National Academies Press: OpenBook

Procedures Guide for Right-of-Way Cost Estimation and Cost Management (2009)

Chapter: Chapter 3 - Agency-Level Process Overview

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Suggested Citation:"Chapter 3 - Agency-Level Process Overview." National Academies of Sciences, Engineering, and Medicine. 2009. Procedures Guide for Right-of-Way Cost Estimation and Cost Management. Washington, DC: The National Academies Press. doi: 10.17226/14289.
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Suggested Citation:"Chapter 3 - Agency-Level Process Overview." National Academies of Sciences, Engineering, and Medicine. 2009. Procedures Guide for Right-of-Way Cost Estimation and Cost Management. Washington, DC: The National Academies Press. doi: 10.17226/14289.
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Suggested Citation:"Chapter 3 - Agency-Level Process Overview." National Academies of Sciences, Engineering, and Medicine. 2009. Procedures Guide for Right-of-Way Cost Estimation and Cost Management. Washington, DC: The National Academies Press. doi: 10.17226/14289.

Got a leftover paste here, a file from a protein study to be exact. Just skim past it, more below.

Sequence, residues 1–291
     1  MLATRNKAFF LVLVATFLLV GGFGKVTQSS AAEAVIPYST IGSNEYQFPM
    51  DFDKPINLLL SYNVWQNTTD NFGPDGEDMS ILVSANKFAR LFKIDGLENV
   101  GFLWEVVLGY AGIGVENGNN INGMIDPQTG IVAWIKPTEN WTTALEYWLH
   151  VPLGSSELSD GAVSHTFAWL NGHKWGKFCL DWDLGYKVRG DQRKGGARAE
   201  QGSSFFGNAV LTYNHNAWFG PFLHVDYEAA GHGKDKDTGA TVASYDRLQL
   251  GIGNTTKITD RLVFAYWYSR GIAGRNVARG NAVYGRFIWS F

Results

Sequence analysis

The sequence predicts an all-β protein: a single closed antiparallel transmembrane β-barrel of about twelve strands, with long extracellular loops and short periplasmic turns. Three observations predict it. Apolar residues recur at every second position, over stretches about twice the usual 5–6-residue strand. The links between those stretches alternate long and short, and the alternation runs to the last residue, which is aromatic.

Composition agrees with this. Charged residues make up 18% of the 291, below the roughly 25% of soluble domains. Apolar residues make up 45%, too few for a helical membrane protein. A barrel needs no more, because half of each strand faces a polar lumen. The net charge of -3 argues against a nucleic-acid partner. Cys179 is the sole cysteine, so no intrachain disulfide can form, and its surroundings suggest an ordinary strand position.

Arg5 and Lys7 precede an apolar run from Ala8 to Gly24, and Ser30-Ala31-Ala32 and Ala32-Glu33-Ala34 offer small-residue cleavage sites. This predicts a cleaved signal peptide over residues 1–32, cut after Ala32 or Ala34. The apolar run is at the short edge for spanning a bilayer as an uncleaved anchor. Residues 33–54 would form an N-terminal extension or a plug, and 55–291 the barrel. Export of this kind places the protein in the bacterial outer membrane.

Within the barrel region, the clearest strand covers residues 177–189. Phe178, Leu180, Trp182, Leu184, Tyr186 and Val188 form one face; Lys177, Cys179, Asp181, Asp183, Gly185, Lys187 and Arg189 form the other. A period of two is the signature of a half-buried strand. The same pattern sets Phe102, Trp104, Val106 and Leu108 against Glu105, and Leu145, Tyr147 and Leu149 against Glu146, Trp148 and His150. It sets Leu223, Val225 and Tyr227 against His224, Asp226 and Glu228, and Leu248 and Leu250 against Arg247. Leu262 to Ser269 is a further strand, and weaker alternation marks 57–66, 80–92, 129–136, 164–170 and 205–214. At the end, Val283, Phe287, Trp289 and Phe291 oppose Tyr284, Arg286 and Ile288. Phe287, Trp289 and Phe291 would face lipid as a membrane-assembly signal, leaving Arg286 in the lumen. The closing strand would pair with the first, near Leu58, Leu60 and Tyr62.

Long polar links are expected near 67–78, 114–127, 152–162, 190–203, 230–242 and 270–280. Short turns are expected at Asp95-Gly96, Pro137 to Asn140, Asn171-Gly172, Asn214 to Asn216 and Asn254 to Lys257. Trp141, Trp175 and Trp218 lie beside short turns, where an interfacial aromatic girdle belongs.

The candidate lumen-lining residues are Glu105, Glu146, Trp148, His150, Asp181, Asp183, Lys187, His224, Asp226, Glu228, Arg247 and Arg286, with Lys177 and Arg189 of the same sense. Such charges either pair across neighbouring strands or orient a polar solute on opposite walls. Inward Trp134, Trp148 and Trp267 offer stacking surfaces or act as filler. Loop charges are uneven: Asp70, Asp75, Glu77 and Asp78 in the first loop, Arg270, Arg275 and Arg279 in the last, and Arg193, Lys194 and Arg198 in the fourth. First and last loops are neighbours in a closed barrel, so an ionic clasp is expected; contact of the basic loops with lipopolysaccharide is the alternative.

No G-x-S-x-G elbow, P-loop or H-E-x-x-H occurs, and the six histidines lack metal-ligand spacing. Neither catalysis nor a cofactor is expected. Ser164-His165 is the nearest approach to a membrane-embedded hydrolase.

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Suggested Citation:"Chapter 3 - Agency-Level Process Overview." National Academies of Sciences, Engineering, and Medicine. 2009. Procedures Guide for Right-of-Way Cost Estimation and Cost Management. Washington, DC: The National Academies Press. doi: 10.17226/14289.
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Suggested Citation:"Chapter 3 - Agency-Level Process Overview." National Academies of Sciences, Engineering, and Medicine. 2009. Procedures Guide for Right-of-Way Cost Estimation and Cost Management. Washington, DC: The National Academies Press. doi: 10.17226/14289.
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Suggested Citation:"Chapter 3 - Agency-Level Process Overview." National Academies of Sciences, Engineering, and Medicine. 2009. Procedures Guide for Right-of-Way Cost Estimation and Cost Management. Washington, DC: The National Academies Press. doi: 10.17226/14289.
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Suggested Citation:"Chapter 3 - Agency-Level Process Overview." National Academies of Sciences, Engineering, and Medicine. 2009. Procedures Guide for Right-of-Way Cost Estimation and Cost Management. Washington, DC: The National Academies Press. doi: 10.17226/14289.